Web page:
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HELENA, Mont. — A nonprofit Indian activist group, engaged in voting rights issues, has joined with investigative reporters and others in calling for the public release of "racist" emails sent by a former federal judge who made critical rulings in cases involving minorities.

“Former 9th District Circuit Court Judge Richard Cebull sent hundreds of bigoted emails from his federal computer before 2013, and the public has a right to review them now,” demanded Oliver J. Semans, director of Four Directions in Mission, S.D. 

The controversy eventually led to the “disgraced” Montana chief judge stepping down from his post, where he had been appointed by President George W. Bush.

During his tenure, Chief Judge Cebull presided over several important cases involving Native Americans.

According to Semans, the public should have the right to review Cebull’s numerous emails to determine to what extent his personal views were reflected in his public rulings. Cebull’s decisions often blocked or opposed efforts to expand Indian voting rights in Montana, Semans said.

The judge’s federal email account was abruptly sealed by federal officials after he resigned.

Montana investigative reporters John Adams and Shane Castle have both filed First Amendment briefs calling for the release of the judge’s emails. Both have written extensively on the controversy ever since they learned of the emails’ existence.

“Enough with the secrecy,” Semans said. “Justice demands that the 9th District Circuit Court executive free the file with Cebull’s emails. How can the public be sure Cebull was exercising unbiased judgment unless we see the emails? We know he was sending bigoted emails about groups of people who were appearing in his court. This screams ‘biased judgment.’”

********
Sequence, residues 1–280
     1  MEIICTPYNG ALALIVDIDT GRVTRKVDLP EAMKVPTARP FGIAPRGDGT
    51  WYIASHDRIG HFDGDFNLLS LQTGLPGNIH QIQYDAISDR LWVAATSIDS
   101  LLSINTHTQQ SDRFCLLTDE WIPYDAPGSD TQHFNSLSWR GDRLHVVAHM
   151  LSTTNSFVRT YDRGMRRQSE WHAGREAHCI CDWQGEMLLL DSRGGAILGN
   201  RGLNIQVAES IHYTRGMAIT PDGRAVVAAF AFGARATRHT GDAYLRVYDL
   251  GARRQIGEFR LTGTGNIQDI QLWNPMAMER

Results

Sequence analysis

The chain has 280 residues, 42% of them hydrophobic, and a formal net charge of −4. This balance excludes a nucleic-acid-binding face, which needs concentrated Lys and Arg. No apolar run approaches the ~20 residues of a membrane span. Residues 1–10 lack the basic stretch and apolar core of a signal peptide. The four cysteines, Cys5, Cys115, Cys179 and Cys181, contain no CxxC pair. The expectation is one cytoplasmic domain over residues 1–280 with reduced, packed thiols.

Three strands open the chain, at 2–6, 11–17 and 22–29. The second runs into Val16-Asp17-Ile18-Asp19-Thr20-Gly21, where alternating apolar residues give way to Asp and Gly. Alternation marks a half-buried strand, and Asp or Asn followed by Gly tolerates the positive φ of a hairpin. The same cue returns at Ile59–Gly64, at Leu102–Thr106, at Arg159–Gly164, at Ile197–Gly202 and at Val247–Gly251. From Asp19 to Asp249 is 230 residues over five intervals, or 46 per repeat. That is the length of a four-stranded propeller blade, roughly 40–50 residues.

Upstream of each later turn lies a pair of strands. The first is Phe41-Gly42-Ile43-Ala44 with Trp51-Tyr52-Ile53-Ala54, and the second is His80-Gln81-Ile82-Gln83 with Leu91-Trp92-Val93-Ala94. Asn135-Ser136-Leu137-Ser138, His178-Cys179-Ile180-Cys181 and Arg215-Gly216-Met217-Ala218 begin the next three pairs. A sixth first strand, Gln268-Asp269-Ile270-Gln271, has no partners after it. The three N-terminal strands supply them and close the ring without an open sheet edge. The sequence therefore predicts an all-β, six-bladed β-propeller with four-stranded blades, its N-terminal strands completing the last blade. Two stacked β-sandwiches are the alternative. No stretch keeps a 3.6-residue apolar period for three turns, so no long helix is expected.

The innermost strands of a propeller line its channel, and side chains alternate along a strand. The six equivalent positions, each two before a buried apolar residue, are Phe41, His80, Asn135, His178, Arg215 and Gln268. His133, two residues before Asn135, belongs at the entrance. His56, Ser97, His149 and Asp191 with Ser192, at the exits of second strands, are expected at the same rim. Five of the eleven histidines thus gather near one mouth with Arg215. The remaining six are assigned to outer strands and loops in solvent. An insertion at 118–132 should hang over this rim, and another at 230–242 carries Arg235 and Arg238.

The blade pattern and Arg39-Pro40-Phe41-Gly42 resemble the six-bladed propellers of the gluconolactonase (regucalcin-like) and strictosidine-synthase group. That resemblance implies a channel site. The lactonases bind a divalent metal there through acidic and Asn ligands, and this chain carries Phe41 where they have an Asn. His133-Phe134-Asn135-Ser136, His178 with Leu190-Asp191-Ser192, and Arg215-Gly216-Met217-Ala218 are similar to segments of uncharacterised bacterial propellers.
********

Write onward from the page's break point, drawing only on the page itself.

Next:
According to an investigative report conducted by the Committee on Judicial Conduct & Disability, Cebull sent out hundreds of emails “related to race, politics, religion, gender, sexual orientation and politically sensitive issues that were inappropriate for Judge Cebull to have sent from his federal email account.”

Four Directions and Montana-based Indian People’s Action filed the first lawsuit to free the file containing Cebull’s emails. Cebull dismissed a voting rights lawsuit brought by Four Directions while he was being investigated for sending the racially compromised emails, Semans said.

Cebull’s dismissal was later vacated. He was forced into early retirement in 2013 as a result of his continuing offensive writing.

A California District Court heard oral arguments last week on a motion by Four Directions to make sure the 9th Circuit keeps Cebull’s emails from getting erased. 

“Reporters John Adams and Shane Castle understand that only transparency can restore faith in the court,” said Semans. “For all marginalized Montanans, whose faith in Cebull and the judicial system, should be in question, I hope the Court accepts Adams’ and Castle’s request to free the files.”

In one of Cebull’s controversial emails, the former federal judge released a joke to all his friends implying President Barack Obama’s mother was a dog. He later denied he was racist, when asked, but admitted his email may have been in poor taste.

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